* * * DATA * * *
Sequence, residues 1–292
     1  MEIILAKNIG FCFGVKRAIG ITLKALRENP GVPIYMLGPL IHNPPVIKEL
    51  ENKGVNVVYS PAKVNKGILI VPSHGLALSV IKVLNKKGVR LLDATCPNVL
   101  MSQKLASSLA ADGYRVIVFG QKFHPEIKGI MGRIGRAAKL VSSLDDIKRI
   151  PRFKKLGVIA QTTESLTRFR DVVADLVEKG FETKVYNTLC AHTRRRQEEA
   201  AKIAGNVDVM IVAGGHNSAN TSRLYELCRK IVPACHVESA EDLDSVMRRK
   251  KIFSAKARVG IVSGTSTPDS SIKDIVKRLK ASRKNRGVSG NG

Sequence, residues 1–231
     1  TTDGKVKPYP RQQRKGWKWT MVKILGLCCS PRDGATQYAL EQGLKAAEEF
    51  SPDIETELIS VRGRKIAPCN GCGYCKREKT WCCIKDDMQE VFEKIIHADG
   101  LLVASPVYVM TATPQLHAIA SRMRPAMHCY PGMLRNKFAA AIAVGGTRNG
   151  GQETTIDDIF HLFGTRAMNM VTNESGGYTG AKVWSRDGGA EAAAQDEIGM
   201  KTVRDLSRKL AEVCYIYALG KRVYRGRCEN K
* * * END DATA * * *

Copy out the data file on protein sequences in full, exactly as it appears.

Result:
Sequence, residues 1–292
     1  MEIILAKNIG FCFGVKRAIG ITLKALRENP GVPIYMLGPL IHNPPVIKEL
    51  ENKGVNVVYS PAKVNKGILI VPSHGLALSV IKVLNKKGVR LLDATCPNVL
   101  MSQKLASSLA ADGYRVIVFG QKFHPEIKGI MGRIGRAAKL VSSLDDIKRI
   151  PRFKKLGVIA QTTESLTRFR DVVADLVEKG FETKVYNTLC AHTRRRQEEA
   201  AKIAGNVDVM IVAGGHNSAN TSRLYELCRK IVPACHVESA EDLDSVMRRK
   251  KIFSAKARVG IVSGTSTPDS SIKDIVKRLK ASRKNRGVSG NG

Sequence, residues 1–231
     1  TTDGKVKPYP RQQRKGWKWT MVKILGLCCS PRDGATQYAL EQGLKAAEEF
    51  SPDIETELIS VRGRKIAPCN GCGYCKREKT WCCIKDDMQE VFEKIIHADG
   101  LLVASPVYVM TATPQLHAIA SRMRPAMHCY PGMLRNKFAA AIAVGGTRNG
   151  GQETTIDDIF HLFGTRAMNM VTNESGGYTG AKVWSRDGGA EAAAQDEIGM
   201  KTVRDLSRKL AEVCYIYALG KRVYRGRCEN K